NHS website crash prevents access to cheaper HRT in England

·4-min read
<span>Photograph: Phanie/Alamy</span>
Photograph: Phanie/Alamy

Health officials have apologised after women were unable to get a certificate online to allow them to access cheaper hormone replacement therapy prescriptions.

Cheaper hormone replacement therapy (HRT) should have been available in England from Saturday under a scheme designed to reduce prescription costs.

Women prescribed HRT as part of menopause treatment will be able to obtain a year’s worth of medicine for £19.30, saving hundreds of pounds annually. But women have been unable to arrange the prescription prepayment certificate (PPC) online due to the NHS Business Services Authority website being down.

The NHSBSA apologised and said it was working to fix the problem, adding that women would be able to backdate their certificate if they bought it at a later date.

A spokesperson said: “We’re aware that some people are experiencing issues when trying to buy an HRT PPC this morning following the introduction of the new service.

“We’re working to put a fix in place as soon as possible and we apologise for any inconvenience.

“We can reassure people wanting to buy a certificate that if they aren’t able to buy one today, they will be able to backdate their certificate if they buy it at a later date.

“If you need your HRT medicine before you buy the HRT PPC, ask your pharmacist for an FP57 receipt when you pay for your HRT medication. You will be able to get a refund from the pharmacy. The HRT PPC can start from April 1 2023.”

The Welsh Labour MP Carolyn Harris tweeted: “The day has come women going through #menopause have been waiting for - the annual pre-payment certificate for #HRT launches ... But can anyone actually access the site? This has been so hard fought for by women and they can wait no longer.”

Health officials estimate the change will benefit about 400,000 women, with a PPC for HRT valid for 12 months. Under the plan, women can use the certificate against a list of prescription items, although not all HRT products are covered.

Related: Carol Vorderman ‘disgusted’ by ministers’ attitude to menopause

Women can get the certificate online – when the website is back up and running – or in some pharmacies. It can be used as many times as needed in the 12-month period. The certificate includes access to eligible HRT items, including patches, tablets, pessaries, and gels and creams applied to the skin.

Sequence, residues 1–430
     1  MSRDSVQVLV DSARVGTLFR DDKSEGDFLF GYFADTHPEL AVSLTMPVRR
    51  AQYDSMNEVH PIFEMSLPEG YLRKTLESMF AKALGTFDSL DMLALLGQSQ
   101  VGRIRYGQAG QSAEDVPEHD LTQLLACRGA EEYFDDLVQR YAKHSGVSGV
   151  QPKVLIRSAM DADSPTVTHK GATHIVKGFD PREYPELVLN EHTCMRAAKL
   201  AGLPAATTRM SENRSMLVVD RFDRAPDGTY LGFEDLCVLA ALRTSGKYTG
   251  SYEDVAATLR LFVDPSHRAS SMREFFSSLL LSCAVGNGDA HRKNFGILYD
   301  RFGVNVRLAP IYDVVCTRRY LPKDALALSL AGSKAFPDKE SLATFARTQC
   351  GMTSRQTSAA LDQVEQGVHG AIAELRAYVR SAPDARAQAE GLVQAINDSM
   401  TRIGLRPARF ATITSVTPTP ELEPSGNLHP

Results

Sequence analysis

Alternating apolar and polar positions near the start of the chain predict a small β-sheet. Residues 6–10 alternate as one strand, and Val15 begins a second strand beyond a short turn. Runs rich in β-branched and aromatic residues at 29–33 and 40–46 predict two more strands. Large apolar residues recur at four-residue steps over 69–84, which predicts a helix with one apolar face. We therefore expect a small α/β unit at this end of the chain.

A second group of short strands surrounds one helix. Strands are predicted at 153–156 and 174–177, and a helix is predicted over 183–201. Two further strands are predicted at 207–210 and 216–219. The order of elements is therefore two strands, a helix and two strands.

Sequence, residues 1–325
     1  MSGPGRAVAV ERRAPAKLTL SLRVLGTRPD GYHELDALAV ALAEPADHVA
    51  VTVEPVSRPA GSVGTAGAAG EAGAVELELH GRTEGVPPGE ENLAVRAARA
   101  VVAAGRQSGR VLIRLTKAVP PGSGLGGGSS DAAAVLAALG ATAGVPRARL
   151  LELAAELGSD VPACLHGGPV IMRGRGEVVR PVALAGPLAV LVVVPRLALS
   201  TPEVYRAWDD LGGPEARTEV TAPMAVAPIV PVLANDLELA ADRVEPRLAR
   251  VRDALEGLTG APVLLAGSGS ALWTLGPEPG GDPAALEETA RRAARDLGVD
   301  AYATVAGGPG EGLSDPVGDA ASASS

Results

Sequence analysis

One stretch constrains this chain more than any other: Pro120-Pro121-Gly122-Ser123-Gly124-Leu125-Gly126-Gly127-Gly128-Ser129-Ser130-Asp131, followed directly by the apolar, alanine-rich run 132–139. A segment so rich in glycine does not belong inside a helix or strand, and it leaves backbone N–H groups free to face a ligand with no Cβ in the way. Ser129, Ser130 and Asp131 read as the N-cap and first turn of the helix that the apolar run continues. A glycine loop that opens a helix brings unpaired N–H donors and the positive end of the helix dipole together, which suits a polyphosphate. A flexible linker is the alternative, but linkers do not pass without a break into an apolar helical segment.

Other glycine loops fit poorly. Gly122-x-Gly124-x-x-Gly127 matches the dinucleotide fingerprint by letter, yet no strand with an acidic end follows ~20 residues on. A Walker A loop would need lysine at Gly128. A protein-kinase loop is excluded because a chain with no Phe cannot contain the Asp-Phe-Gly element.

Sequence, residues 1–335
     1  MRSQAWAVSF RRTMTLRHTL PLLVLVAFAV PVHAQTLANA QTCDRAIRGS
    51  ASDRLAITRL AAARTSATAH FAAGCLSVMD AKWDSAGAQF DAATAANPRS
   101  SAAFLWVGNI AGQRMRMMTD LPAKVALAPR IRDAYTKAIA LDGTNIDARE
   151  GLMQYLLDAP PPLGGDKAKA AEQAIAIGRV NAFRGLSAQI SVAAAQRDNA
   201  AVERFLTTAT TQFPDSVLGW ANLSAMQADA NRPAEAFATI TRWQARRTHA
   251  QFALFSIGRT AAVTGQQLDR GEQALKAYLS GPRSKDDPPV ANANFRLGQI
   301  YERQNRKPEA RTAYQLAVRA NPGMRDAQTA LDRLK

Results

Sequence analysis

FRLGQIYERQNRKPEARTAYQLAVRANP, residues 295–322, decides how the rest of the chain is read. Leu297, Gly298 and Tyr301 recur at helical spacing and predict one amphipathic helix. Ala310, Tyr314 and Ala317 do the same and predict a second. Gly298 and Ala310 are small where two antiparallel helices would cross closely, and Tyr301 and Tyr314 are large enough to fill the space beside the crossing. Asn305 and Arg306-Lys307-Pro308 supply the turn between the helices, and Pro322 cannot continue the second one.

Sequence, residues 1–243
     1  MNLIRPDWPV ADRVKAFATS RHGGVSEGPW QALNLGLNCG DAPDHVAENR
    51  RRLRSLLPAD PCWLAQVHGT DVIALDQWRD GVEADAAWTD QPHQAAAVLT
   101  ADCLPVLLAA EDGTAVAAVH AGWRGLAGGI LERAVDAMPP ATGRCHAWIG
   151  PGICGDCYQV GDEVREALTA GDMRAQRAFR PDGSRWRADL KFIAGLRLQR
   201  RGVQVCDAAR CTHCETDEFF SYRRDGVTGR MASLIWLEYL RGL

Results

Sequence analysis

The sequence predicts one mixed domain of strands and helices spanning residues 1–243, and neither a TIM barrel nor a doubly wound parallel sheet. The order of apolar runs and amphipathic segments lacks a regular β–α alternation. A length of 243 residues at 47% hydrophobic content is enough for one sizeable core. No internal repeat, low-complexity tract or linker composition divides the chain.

Prof Dame Lesley Regan, the women’s health ambassador for England, said: “Making HRT easier to access will significantly improve the lives of many women who choose to use it, enabling them to reach their full potential.

“Many women do not realise that they are going through the menopause. Helping to make them aware about the inevitability of becoming menopausal is an important first step. The next step is improving awareness that HRT may be an option to help women manage this stage of their life course.”

The minister for women’s health strategy, Maria Caulfield, said the move was a key commitment of the government’s women’s health strategy.

“Often it’s necessary to use more than one type of HRT, and many women I have spoken to needed to try a few different types to get the right medication that works for them,” she said.

“Everyone is different, and price should not be a barrier to treatment – reducing the price of a year’s worth of HRT to under £20 is a huge moment of levelling the playing field.”

Dr Louise Newson, a GP and menopause specialist, said the scheme was “a step in the right direction” but raised concerns about its limitations.

“There are too many barriers for women to access menopause treatment and cost of HRT is one so I hope this will really make a difference.

“However, it is disappointing to see that testosterone will not be covered by the certificate. Testosterone is recommended by the National Institute for Health and Care Excellence for symptoms of low libido where HRT alone is not helping and, in my clinic, patients often say it helps with other menopausal symptoms including brain fog and low mood.”

PA Media contributed to this report